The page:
As many doctors have pointed out, even when hospitals wanted to test everyone sent back into a care home, they were discouraged from doing so by  Public Health England (PHE) – instructed in turn by the government, which was putting pressure on hospitals to free up beds as quickly as possible.  Until 15 April, by which time much of the damage had been done, the official PHE guidance stated that “negative tests are not required prior to transfers/admissions into the care home.” Even worse, many care homes were threatened with funding cuts if they did not take in Covid patients.

Between 17 March and 15 April, about 25,000 people in England were discharged from hospitals to care homes. Analysis of data from 39 hospital trusts shows that about three-quarters of these people had not been tested.

Care homes themselves could see clearly that their residents’ lives were threatened by this, and many did their best to stop infection arriving via this route. One care home manager described to Amnesty International the sort of desperate negotiations that took place:

“With a 101-year old lady [who was a resident], [the hospital discharge team] said, ‘If you don’t take her back, we’ll get social services to take her to another care home.’ This is her home, she has been with us for several years; we did not want her to be sent to another place … I contacted the MP and he contacted the local authority and the hospital agreed to take her back.”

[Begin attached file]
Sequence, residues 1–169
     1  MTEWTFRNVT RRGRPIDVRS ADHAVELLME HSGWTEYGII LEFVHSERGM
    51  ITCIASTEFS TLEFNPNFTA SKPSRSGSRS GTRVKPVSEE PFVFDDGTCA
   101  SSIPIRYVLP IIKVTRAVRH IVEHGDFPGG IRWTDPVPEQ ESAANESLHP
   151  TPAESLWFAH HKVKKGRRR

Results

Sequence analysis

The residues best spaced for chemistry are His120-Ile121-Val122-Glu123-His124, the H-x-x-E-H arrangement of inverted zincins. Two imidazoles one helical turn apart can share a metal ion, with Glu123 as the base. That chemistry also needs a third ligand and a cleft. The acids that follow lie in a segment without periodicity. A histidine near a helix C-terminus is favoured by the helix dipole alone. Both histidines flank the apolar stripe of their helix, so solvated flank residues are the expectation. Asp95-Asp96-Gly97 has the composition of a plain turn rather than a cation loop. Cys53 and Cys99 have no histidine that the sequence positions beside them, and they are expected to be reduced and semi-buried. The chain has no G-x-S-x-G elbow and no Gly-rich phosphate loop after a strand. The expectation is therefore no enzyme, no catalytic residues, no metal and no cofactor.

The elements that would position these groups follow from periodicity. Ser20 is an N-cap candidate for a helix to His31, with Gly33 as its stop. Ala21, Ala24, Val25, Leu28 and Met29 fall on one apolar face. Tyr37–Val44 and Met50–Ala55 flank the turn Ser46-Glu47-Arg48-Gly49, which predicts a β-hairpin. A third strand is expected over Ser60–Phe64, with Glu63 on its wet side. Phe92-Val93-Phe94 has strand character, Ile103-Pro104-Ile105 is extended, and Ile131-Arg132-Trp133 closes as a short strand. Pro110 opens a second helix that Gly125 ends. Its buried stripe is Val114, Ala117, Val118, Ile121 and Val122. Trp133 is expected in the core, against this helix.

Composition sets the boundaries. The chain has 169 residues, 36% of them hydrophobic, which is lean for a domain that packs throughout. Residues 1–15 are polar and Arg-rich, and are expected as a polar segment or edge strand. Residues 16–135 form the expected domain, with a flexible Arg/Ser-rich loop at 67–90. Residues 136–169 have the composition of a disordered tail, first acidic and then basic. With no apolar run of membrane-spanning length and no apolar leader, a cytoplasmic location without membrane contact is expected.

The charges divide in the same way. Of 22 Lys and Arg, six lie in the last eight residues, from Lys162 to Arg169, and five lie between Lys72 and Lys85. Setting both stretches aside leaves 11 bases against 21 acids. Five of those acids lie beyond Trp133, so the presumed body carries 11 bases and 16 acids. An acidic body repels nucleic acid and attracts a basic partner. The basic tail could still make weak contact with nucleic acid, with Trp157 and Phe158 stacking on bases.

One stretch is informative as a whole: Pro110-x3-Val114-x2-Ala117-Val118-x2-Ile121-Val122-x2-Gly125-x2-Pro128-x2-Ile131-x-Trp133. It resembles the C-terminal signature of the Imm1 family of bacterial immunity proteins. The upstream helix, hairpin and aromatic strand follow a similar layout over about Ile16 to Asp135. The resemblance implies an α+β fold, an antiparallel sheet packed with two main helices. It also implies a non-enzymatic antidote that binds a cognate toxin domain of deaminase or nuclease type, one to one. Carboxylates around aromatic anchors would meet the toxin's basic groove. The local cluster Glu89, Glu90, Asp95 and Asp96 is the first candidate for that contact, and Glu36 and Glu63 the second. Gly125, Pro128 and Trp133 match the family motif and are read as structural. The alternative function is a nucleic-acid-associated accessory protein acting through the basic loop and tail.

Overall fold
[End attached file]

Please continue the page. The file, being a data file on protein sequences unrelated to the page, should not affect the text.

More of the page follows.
As palliative care specialist Dr Rachel Clarke tweeted yesterday, Hancock’s lethal lies have been glaringly exposed. If he had any sense of shame he would resign immediately. But shamelessness is perhaps the most distinctive feature of Boris Johnson’s government, and its ministers have long since ceased to pretend that they have any respect for the Ministerial Code.     

Another of Kipling’s epitaphs for the Great War describes the spineless dishonesty of the politicians who presided over the slaughter in the trenches:

I could not dig: I dared not rob:
Therefore I lied to please the mob.
Now all my lies are proved untrue
And I must face the men I slew.

It’s up to all of us to remember how and why so many thousands of vulnerable people and their carers have died in the past year and a half, so that those who told the lies that sent them to their deaths will one day have to face, if not those they slew, then at least a reckoning for what they have done.